People often confuse coconut butter with coconut oil. Coconut oil contains only the oil from the coconut, whereas coconut butter is made from coconut flesh, so it retains more nutrients. Coconut butter is made by blending dried coconut into a paste-like consistency that is similar in texture to nut butter.
Japanese-born Iron Chef Masaharu Morimoto planned on becoming a baseball player. But luckily — at least for the food world — a shoulder injury sidelined those plans and he switched careers. Today, he oversees a family of restaurants around the world, including New York City’s Morimoto. While true to his Japanese roots, Morimoto’s cooking fuses the best of both Eastern and Western gastronomy, with results that are as delicious as they are innovative. Here, he answers the Healthy Eats Q & A.
What health food trend would you like to see go away?
Anything that is too extreme. For example, low-carb versus no-carb. If you go for a no-carb diet, you cannot eat even healthy dishes like sushi. So, if you eat everything in moderation, including carbs, you can enjoy your favorite dishes without overdoing it.
Chia seeds: Love them or leave them?
I have not tried Chia seeds before, so I don’t know if I love them or want to leave them!
What shortcuts do you use when you’re cooking?
Using the microwave! There are many high-tech microwave these days, and you can adjust the cooking time and temperature easily. My wife often microwaves sweet potatoes for our dog, and I like to eat them too!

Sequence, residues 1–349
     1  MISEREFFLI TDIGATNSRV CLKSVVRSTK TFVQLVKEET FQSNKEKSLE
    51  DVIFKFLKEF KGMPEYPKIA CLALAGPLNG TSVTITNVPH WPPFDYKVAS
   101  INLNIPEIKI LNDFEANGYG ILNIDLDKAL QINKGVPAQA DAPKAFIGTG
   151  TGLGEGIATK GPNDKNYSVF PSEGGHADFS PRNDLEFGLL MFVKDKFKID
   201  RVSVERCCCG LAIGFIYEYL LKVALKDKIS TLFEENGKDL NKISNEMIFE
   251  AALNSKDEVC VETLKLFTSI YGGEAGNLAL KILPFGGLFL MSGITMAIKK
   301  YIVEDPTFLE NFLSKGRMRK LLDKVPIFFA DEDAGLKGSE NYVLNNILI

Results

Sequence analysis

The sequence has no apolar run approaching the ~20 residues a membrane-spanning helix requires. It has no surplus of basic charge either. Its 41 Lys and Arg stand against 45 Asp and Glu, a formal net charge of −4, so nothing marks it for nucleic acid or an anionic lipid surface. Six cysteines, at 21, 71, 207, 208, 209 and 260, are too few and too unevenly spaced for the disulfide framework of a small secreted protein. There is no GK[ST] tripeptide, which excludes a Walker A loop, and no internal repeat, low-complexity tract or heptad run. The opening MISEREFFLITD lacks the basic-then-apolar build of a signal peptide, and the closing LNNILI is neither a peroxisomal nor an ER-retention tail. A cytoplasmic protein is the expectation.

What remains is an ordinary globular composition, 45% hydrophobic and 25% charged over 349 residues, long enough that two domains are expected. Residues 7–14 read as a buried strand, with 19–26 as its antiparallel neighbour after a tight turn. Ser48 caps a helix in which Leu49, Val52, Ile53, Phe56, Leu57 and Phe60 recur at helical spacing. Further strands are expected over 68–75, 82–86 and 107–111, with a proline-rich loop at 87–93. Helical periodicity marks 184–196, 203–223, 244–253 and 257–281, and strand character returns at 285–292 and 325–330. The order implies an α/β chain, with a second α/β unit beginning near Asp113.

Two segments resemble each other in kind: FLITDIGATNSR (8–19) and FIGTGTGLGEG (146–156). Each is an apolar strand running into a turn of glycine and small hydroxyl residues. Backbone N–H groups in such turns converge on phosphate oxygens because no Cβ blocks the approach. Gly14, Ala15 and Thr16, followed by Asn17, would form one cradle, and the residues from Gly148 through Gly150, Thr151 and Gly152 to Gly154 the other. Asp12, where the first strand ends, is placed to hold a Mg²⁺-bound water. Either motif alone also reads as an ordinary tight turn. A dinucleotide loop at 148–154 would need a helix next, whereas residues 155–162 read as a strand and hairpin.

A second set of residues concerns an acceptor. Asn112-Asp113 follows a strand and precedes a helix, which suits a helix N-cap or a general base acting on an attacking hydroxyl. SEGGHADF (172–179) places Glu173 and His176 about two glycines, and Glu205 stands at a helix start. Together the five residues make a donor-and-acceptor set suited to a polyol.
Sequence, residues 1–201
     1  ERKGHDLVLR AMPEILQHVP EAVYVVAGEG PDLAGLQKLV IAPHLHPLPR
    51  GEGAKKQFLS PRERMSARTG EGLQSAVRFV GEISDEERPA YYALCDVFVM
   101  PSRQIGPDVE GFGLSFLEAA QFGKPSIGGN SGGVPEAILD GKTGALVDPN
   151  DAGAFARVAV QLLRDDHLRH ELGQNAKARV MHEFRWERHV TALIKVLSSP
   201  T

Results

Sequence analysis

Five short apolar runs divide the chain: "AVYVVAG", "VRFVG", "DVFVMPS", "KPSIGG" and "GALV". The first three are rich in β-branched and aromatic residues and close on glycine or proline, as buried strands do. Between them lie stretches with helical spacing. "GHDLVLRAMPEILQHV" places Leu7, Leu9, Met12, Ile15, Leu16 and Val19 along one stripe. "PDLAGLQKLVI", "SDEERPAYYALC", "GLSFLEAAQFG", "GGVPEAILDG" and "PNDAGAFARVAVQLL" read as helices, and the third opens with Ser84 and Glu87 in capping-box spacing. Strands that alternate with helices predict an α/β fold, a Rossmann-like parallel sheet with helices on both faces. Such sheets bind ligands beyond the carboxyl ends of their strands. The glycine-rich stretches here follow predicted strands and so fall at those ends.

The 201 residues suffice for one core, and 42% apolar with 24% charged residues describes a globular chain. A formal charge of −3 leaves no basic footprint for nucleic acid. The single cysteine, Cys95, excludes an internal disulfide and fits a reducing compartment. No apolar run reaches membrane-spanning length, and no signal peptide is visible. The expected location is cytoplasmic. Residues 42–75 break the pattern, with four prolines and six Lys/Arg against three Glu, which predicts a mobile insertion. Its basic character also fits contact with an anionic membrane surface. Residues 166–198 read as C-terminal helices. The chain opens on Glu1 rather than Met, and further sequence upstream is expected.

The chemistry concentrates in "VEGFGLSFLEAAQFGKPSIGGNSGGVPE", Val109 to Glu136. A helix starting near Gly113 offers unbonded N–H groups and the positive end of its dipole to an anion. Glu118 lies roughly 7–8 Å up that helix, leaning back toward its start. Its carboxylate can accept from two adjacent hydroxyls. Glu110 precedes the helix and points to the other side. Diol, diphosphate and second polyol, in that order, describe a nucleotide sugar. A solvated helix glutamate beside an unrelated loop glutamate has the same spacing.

If you spend more time on the phone with the takeout-delivery guy than, let’s say, your family members, this is the moment to put down your device and head to the kitchen. The best part about turning out your own takeout favorites: You might just wind up with some leftovers you feel good about.
Lightened Shrimp Fried Rice
The words “light” and “fried” don’t usually travel in the same sentence. But with protein-rich shrimp and fresh veggies as the main event, this homemade rendition proves the stir-fried standby can pull up a seat at the healthy table.
Hemp products are making more appearances at health-food stores, but what exactly is the story with this plant? To answer just one burning question: Yes, hemp is a species of Cannabis sativa, but no, it’s not the same as marijuana.
White beans are deliciously creamy, extremely versatile and can be made into tasty protein-rich meals or snacks in minutes. When using white beans or any other canned beans, be sure to drain off the liquid in the can, rinse them a couple of times and then drain them well. These steps will remove any flavors the beans have absorbed from the can and give you the perfect base for any of these recipes. In general I like to use cannellini beans for their larger size and creamy interior but navy beans will also work well.
In this week’s news: Mondays are the new January 1; “sad desk lunch” is no way to live; and salt gets a sprinkling of controversy.
T.G.I. … Monday?